Why HOA's shoot themselves and their clients in the foot
Henry Staggs, RRO
May 23, 2021
I realize this might be a touchy topic for some folks. And while I don't intend to offend anyone, I can't imagine writing something like this and not offending someone. Just know from the start, that is not my intention. Rather, I hope to shed a light on a clear problem in the HOA management world. One that I suspect is missed because it's hard to see something you are fully immersed in. That is why it's good to get an outside opinion from time to time. That is why companies do surveys and so on. You know, trying to figure out that they are doing right and what they are doing wrong. Makes sense right?.
Here we go
The title implies clearly that HOAs are doing something that is self-harming. Worse it is harming their client's interests. At the end of the day, the client is the person who actually pays the bill. The last thing any of us (business owners) wants is an unhappy client. Or for a client to learn that we (business owners) screwed their stuff up. But sadly, when it comes to construction in the HOA world, it's set up for one screw-up on another. One particular group here anyways has set itself up for a ton of construction misery. So badly, that I recently decided to no longer offer roof consulting services to HOA's unless they out of the norm. That is to say, HOAs how do not follow the methods I am about to describe in this blog.
Pay to Play
This group, like most, does have an association. This one however is a FOR profit association and believe me, with them it is all about the money. Contractors that pay more, play more. It's that easy. If you want to do well, toss money at them and they (the association) will promote you. So will their most loyal members, who believe and have been told, that they can ONLY hire contractors who are a member of their association. Ok, but that sounds like it running up on the blacklist line. Which I do believe is criminal? Since I am not a lawyer, I will stop here with that line of thought. But my point is that they promote contractors who pay them more, without any real vetting process in place. And most of these contractors walk all over the HOA. More on that later.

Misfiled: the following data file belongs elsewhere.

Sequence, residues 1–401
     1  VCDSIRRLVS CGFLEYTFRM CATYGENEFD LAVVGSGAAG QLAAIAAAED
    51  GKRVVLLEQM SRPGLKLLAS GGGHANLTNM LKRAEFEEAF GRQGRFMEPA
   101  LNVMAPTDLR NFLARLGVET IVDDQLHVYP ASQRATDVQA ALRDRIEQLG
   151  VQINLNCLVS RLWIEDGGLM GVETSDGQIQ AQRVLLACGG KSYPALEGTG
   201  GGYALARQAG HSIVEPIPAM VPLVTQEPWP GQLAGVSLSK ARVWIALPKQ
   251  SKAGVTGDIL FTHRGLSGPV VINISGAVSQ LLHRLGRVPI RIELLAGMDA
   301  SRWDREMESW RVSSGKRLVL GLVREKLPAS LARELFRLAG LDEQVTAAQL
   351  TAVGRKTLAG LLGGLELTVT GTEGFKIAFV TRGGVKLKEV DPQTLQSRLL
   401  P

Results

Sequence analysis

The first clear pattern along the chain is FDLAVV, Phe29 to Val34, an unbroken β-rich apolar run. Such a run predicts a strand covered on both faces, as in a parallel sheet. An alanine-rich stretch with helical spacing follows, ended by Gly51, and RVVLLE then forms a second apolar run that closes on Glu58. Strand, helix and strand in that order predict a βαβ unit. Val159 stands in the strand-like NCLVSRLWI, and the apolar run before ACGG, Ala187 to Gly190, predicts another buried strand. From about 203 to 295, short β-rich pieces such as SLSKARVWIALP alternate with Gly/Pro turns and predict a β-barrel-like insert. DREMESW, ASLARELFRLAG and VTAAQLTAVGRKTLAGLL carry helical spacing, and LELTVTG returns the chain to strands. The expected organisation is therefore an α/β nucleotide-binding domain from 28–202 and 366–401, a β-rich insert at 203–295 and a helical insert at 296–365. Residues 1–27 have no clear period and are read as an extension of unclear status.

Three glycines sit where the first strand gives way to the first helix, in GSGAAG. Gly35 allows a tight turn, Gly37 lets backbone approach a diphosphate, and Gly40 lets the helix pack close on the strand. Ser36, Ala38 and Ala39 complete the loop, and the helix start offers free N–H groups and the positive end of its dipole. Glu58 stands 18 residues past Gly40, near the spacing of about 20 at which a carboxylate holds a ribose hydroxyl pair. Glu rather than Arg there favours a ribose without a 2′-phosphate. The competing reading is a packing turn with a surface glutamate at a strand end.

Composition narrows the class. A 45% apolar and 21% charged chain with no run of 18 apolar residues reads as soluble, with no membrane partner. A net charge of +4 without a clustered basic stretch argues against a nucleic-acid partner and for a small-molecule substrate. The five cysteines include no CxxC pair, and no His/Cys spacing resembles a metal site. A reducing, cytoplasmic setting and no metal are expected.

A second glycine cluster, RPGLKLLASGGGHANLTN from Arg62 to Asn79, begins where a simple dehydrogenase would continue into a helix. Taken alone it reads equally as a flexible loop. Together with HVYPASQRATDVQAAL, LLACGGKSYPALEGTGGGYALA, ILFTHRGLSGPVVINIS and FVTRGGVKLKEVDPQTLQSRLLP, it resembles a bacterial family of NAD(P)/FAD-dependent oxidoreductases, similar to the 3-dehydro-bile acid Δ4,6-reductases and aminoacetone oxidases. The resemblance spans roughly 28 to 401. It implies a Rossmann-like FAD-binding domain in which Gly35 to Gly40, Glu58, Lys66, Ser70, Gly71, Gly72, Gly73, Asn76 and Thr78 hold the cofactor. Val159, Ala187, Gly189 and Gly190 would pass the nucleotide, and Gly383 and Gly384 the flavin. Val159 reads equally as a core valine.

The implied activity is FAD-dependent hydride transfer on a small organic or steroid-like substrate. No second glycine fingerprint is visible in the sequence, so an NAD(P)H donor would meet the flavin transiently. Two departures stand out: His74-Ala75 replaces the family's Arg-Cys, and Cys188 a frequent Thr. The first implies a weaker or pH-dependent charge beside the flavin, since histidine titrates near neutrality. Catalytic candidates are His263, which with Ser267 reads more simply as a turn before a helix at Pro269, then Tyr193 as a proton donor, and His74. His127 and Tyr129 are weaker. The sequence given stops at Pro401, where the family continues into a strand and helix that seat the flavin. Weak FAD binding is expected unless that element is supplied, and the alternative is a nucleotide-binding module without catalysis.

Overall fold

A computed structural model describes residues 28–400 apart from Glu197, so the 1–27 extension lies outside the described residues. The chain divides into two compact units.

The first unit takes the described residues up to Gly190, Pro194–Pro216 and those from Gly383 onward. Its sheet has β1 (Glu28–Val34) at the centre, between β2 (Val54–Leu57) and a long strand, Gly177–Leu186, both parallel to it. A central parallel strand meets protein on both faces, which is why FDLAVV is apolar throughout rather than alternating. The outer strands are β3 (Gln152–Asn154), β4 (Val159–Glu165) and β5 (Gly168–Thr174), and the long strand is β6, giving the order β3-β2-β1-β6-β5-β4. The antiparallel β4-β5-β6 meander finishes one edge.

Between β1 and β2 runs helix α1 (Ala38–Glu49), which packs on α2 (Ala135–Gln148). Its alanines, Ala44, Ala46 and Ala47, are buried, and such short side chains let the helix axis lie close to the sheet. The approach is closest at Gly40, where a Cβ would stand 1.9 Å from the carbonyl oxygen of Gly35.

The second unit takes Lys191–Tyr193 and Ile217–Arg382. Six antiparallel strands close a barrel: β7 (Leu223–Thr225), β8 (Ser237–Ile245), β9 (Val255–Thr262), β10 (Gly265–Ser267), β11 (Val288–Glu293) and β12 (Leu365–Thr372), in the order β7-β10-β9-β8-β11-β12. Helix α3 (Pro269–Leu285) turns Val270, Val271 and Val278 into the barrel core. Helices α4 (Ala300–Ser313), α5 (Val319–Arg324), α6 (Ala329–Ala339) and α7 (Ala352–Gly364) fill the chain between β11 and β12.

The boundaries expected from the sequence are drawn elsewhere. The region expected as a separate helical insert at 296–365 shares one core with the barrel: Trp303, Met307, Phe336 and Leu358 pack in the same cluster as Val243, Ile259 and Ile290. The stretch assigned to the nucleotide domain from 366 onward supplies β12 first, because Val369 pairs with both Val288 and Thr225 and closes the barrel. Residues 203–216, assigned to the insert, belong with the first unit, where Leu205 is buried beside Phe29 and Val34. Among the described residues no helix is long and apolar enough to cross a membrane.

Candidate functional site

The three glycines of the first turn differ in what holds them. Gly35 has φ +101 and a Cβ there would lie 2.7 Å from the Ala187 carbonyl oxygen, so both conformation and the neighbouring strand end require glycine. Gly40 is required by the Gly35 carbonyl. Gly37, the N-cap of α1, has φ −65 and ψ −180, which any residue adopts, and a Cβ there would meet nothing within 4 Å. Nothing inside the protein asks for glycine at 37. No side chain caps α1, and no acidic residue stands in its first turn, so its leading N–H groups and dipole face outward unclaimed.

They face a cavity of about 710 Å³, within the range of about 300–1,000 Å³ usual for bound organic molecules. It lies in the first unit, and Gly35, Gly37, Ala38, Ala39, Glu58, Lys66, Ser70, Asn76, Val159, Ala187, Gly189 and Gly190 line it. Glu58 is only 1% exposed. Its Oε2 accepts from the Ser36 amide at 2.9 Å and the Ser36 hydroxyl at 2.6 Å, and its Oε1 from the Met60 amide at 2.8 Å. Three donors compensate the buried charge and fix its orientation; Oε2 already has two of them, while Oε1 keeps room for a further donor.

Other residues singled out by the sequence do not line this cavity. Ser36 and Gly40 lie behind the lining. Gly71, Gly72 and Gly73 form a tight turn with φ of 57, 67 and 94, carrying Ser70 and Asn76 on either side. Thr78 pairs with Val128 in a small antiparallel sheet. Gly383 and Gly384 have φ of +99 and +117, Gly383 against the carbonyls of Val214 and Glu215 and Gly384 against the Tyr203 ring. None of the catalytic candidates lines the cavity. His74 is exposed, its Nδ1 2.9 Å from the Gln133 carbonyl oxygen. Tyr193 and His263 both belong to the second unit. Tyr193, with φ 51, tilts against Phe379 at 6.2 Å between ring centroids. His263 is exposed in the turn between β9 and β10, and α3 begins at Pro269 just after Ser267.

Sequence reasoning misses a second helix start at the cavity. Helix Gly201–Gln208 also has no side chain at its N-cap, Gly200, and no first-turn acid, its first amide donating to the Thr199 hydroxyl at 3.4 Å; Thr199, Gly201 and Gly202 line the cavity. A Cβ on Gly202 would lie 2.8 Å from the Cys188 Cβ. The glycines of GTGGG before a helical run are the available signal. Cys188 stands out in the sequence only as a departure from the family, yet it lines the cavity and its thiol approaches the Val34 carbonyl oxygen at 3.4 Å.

Imagine you own a townhouse or a condo and your HOA management company hires a "good" roofer. You learn later that they defined how GOOD the contractor is by the amount of money they spend with the FOR profit association? You see my point, I don't need to belabor this point any longer.
What law suite?
HOA's over the past few years have established rules that make it nearly impossible to hire any contractor. For some time not I keep hearing about some amazingly devastating law suite? I mean to say, I heard there was one but I have not been able to actually see it. But whatever it was, it was not. I suspect that it's not nearly as massive or bad as people have told me. It made the HOA scared and their reactive response is a bunch of qualifying rules that our contractors cant meet.
For example one of the rules is NO SUBS. Sorry, HOA world but every contractor uses subs. And the ones that HOA's hire definitely use subs. They just lie about it. Oh yeah, they will lie through their teeth to get the work. Too often the manager even knows about it and looks the other way.